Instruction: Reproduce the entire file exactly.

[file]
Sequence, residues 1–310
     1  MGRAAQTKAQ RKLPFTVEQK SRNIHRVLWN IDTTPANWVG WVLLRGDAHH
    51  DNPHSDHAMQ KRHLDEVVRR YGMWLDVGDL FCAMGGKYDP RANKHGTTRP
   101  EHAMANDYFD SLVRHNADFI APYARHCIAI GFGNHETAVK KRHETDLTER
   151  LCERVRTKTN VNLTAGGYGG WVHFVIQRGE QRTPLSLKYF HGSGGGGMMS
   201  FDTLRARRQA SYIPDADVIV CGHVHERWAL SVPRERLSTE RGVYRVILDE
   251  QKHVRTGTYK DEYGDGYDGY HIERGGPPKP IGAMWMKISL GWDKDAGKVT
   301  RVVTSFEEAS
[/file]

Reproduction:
Sequence, residues 1–310
     1  MGRAAQTKAQ RKLPFTVEQK SRNIHRVLWN IDTTPANWVG WVLLRGDAHH
    51  DNPHSDHAMQ KRHLDEVVRR YGMWLDVGDL FCAMGGKYDP RANKHGTTRP
   101  EHAMANDYFD SLVRHNADFI APYARHCIAI GFGNHETAVK KRHETDLTER
   151  LCERVRTKTN VNLTAGGYGG WVHFVIQRGE QRTPLSLKYF HGSGGGGMMS
   201  FDTLRARRQA SYIPDADVIV CGHVHERWAL SVPRERLSTE RGVYRVILDE
   251  QKHVRTGTYK DEYGDGYDGY HIERGGPPKP IGAMWMKISL GWDKDAGKVT
   301  RVVTSFEEAS